The original destination and still one of the favourites of Madmax Tours, Stonehenge is located in the county of Wiltshire in the open grassland of Salisbury plain. It is one of the wonders of the world and a masterpiece of engineering. How did Neolithic people build it using only the simple tools and technologies available to them?
The first monument at Stonehenge was a circular earthwork enclosure, built in about 3000 BC. A ditch was dug with simple antler tools, and the chalk piled up to make an inner and an outer bank. Within the ditch was a ring of 56 timber or stone posts. The monument was used as a cremation cemetery for several hundred years. In about 2500 BC the site was transformed by the construction of the central stone settings. Enor-mous sarsen stones and smaller bluestones were raised to form a unique monument. Building Stonehenge took huge effort from hundreds of well-organised people.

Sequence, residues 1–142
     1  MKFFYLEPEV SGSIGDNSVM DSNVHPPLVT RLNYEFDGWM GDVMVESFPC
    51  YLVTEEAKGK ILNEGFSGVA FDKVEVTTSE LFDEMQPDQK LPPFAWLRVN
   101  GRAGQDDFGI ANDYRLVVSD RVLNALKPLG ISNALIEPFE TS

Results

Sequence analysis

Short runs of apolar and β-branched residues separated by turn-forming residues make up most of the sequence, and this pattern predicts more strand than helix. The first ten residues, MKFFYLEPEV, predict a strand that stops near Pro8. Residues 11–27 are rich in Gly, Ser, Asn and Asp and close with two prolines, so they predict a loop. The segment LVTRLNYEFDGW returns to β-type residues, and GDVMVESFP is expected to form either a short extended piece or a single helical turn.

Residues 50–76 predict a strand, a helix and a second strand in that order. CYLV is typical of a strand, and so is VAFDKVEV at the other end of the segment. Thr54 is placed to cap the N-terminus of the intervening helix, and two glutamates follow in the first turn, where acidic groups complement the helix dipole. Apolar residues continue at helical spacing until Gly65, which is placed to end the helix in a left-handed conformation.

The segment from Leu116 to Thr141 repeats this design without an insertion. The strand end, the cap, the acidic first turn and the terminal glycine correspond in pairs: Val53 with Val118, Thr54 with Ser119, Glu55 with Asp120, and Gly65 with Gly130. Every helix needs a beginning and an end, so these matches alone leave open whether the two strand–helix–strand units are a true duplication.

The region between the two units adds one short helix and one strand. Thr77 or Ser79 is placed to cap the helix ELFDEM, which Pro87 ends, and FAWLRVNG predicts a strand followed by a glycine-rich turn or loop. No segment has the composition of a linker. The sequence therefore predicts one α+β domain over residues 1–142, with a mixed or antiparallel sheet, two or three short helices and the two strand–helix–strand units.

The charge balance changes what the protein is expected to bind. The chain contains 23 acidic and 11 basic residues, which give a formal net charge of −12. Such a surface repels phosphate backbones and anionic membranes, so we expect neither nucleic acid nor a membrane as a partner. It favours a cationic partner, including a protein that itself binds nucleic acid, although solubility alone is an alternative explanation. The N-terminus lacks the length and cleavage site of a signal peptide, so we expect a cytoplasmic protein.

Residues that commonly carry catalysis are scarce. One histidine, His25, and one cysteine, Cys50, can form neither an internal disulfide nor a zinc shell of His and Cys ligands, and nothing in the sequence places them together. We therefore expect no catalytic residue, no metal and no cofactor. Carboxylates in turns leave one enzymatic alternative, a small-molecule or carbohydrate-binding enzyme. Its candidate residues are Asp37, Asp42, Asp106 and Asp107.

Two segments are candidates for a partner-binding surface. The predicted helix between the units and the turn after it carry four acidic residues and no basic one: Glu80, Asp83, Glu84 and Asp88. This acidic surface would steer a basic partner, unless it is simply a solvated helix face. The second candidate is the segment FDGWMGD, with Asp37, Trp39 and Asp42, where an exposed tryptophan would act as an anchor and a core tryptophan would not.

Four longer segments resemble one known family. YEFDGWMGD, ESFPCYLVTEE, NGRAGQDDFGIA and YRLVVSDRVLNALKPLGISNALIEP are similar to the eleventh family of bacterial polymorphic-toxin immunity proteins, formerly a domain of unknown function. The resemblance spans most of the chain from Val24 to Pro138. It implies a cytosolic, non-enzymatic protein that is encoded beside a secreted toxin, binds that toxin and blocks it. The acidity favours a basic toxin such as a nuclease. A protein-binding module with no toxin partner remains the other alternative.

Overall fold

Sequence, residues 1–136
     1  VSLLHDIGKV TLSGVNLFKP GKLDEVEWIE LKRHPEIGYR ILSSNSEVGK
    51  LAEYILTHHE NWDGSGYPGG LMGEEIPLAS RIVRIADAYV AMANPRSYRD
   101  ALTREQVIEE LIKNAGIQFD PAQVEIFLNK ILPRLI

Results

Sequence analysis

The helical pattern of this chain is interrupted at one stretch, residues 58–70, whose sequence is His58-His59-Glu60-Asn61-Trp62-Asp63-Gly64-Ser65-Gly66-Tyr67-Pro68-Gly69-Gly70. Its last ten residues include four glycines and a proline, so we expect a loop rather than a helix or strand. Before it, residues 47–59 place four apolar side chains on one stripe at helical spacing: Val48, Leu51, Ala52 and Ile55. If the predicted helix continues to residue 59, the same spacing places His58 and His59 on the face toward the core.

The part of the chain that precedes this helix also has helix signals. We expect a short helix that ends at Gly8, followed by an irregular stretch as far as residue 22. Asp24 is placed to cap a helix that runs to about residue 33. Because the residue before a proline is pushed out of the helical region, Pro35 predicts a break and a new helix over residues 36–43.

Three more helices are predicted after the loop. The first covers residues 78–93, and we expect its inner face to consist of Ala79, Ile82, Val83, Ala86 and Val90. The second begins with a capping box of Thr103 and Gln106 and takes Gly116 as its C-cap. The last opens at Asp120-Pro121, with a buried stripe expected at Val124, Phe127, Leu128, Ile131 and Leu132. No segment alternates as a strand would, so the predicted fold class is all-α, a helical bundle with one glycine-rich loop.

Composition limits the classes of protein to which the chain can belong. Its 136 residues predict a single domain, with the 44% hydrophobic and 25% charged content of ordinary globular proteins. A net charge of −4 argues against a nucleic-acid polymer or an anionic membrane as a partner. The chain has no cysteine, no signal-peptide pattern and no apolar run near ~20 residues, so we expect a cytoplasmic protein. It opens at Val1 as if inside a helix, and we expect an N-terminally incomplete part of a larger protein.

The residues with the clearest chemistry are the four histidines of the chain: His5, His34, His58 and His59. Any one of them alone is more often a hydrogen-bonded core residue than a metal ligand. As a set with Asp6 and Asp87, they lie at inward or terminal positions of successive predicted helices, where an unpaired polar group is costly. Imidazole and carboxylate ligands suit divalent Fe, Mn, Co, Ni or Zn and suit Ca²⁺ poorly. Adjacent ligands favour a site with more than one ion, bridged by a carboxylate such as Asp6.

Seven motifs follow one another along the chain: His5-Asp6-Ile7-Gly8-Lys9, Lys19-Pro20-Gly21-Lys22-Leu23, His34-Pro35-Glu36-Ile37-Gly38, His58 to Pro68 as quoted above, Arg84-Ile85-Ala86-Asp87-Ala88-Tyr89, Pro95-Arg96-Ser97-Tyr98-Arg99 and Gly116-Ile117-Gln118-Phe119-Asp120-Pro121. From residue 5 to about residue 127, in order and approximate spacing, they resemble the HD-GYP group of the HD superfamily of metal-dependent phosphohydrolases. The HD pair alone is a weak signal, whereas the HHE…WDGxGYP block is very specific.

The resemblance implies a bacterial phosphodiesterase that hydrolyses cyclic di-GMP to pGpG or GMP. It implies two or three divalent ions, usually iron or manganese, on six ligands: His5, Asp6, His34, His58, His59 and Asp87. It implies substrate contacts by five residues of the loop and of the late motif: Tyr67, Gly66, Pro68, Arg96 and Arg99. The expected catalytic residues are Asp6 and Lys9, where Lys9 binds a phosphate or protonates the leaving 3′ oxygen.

Stonehenge has been the subject of speculation and fascination since at least the early medieval period. There have been different theories put forward about who built it, when, and for what purpose. Antiquaries argued that it was an ancient Roman temple, or that it was built by the Druids. Astron-omers suggested that it was a primitive computer for calculating the dates of eclipses. More recently, archaeologists have suggested that it was a place for prehistoric people's ancestors, or per-haps a centre of healing. The first temporary exhibition at the visitor centre explores this story of our changing understanding of Stonehenge.